I loved you, I still love you

  The German poet Heine wrote in one of his lyric poems, “I loved you, and I still love you,” a beautiful verse that seems like a perfect description of Akhmatova’s attachment to Gumilyov . In 1903, the future moon of Russian poetry, Akhmatova, the famous poetess of the Silver Age, also known as Anna at the time, Golinton met Nikolai Gumilev, who would later become her first husband. Although Anna at that time didn’t like this Gumilyov who “looked ugly, tall and thin, with a long face, a garlic nose, a lifeless look, and a proud look”, but what he didn’t expect was this time The chance encounter became the starting point of her lifelong attachment to him.
  Although Akhmatova was indifferent to Gumilev after the first encounter, Gumilev fell in love with the beautiful Akhmatova at first sight. He even attempted suicide several times after unsuccessfully pursuing Akhmatova. In 1907, Akhmatova was disappointed because of Kutuzov’s unrequited love affair, and because of the “grey-eyed boy” Gumilyov’s increasingly frustrated pursuit over the past three years, she decided to marry Gumilev. In her letter to her brother-in-law, we can see Akhmatova’s uncertainty about this marriage: “I believe that my destiny is to be his wife. As for whether I love him or not, I don’t know. I think , presumably love.” Unexpectedly, the letter turned the actual situation upside down. The definite marriage that was destined for life cannot last long, and the uncertain love lasts their whole life. In 1910, Akhmatova and Gumilev were married in a village church. The bride’s family was not optimistic about the marriage, and no one attended the wedding.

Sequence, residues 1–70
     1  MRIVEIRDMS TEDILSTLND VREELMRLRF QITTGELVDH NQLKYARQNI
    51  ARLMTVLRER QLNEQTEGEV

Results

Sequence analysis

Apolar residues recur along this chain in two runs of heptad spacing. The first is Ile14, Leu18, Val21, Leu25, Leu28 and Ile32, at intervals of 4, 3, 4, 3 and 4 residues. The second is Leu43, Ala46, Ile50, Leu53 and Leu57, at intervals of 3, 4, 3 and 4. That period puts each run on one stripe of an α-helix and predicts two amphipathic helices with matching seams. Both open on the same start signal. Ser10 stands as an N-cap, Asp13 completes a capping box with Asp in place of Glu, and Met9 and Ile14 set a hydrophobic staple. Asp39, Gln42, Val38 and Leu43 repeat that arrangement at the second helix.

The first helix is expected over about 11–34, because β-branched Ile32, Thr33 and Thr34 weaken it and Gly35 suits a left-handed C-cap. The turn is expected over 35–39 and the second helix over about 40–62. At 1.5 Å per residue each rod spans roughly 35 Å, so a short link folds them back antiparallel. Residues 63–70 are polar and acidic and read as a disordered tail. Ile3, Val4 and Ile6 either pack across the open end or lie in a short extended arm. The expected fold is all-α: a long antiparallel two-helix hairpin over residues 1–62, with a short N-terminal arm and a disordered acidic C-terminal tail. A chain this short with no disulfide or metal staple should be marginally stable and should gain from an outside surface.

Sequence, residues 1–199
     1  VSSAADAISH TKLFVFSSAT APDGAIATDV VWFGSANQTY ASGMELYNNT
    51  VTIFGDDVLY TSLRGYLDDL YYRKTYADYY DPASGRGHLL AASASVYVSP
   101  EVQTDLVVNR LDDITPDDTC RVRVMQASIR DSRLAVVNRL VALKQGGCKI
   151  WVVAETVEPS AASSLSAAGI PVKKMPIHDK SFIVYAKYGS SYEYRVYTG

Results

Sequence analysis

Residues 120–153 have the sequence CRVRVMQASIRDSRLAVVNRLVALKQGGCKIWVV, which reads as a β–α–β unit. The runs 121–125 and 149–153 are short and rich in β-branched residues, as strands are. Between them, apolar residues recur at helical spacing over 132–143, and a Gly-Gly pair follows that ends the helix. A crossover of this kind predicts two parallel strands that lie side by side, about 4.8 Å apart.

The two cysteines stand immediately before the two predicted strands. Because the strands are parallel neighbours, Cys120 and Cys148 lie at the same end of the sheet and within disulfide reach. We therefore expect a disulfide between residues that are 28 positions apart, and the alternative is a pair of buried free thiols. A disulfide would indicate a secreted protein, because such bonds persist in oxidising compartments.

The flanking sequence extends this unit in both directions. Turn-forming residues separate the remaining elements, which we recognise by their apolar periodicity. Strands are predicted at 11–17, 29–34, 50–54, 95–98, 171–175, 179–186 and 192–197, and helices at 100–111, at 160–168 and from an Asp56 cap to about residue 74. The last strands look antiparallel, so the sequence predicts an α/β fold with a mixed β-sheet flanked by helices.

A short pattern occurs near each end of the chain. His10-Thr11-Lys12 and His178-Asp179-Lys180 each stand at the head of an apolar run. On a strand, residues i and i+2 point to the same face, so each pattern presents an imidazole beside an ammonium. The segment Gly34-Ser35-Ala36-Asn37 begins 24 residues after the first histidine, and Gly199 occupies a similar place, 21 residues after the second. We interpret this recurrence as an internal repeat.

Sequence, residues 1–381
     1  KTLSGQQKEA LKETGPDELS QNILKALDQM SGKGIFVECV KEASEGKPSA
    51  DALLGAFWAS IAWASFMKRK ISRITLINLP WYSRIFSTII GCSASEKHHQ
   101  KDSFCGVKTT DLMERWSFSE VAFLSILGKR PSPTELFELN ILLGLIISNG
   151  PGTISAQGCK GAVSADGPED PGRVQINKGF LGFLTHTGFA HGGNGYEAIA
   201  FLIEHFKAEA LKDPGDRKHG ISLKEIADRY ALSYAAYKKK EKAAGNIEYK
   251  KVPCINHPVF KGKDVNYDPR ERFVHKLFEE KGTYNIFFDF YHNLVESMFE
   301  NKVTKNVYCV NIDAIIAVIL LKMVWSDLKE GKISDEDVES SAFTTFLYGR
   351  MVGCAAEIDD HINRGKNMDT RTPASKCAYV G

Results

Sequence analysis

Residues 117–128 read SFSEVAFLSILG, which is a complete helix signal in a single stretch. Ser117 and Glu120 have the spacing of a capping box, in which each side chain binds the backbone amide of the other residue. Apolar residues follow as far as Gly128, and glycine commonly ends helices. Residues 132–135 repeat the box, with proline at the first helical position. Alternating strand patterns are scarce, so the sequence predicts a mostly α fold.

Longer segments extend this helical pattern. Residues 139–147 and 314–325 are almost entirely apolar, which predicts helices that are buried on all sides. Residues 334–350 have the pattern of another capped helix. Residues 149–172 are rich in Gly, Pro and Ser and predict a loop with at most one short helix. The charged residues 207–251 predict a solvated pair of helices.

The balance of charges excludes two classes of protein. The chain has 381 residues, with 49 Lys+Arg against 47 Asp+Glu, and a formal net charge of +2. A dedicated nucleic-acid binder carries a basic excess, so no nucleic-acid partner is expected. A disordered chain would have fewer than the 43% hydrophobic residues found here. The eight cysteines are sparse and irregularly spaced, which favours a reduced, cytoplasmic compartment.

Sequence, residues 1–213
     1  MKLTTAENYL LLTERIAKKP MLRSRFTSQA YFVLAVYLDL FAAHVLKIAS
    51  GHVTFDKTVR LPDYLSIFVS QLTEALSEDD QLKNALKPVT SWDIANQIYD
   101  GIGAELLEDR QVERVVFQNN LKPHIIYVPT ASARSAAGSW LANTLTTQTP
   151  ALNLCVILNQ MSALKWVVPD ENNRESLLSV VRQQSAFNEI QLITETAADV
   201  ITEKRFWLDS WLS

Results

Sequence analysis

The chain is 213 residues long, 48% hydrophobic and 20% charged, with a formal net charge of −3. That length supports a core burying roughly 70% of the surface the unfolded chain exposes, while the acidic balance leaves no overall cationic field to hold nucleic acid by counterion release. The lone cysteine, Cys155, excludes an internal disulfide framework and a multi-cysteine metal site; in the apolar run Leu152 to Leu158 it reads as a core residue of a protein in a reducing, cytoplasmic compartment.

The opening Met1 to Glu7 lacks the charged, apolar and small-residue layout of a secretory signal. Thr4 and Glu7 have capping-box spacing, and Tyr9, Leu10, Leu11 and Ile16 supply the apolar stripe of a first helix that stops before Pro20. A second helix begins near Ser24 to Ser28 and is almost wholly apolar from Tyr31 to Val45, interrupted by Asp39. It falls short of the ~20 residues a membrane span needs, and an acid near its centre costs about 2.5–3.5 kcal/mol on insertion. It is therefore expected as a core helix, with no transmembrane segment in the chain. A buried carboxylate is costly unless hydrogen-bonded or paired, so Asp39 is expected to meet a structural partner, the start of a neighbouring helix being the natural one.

The unhappiness of the marriage soon appeared in the lives of both poets. The first is Gumilev’s pursuit of new love after another. He loved Akhmatova and knew that Akhmatova loved him. But at the same time he believes that a real man should have many wives, so he has never stopped pursuing young and beautiful women around him. For example, after his engagement with Anna, he also duel with Voloshin on November 22, 1909 because of his pursuit of Vasilyeva (probably because of this duel, Akhmatova did not like Voloshin. man, who does not even consider him a poet). Secondly, although they share a common poetic ideal and form the Acme School together, they have very different life pursuits. Although Gumilev looks weak, he has a strong spirit of exploration and curiosity, and he has “a soul that never rests.” He only wanted Akhmatova to be docile, but he didn’t realize that his wife was a poet greater than himself. While Akhmatova demanded her creative rights, she also hoped to stay with her lover and not be separated. For example, in “Under the Dark Veil” in her collection of poems “Twilight”, “If you leave again, I will die.” This verse undoubtedly expresses the female poet’s dissatisfaction with her husband often leaving her to travel alone. But the blandness of being with the same person every day is precisely what Gumilev, who was born to wander, disliked, and his thrill-seeking nature left him with a lack of responsibility for his family. Ultimately, in a continual encounter where both men tried to find love outside of marriage, the two poets’ marriage came to an end on August 5, 1918, even though they had been living together for eight years by then. However, the love between them, especially Akhmatova’s attachment to Gumilev, did not come to an end with the end of the marriage, but to a new starting point. In her third collection of poems “White Qunwu” published in September 1917, the love that had been eroded by marriage, which she often sighed, re-embedded in her heart with the end of marriage. This time, it was really forever. Of course Akhmatova had sought extramarital relationships before their divorce, but it was more of a desire for Gumilev’s love and care. Although before her divorce from Gumilev, some of her published works were written for other lovers (such as the poem “I don’t smile anymore” to Anlepo), more of the poems in the collection are expressed because Gumilev The cold and sad, the poems are still full of his thoughts.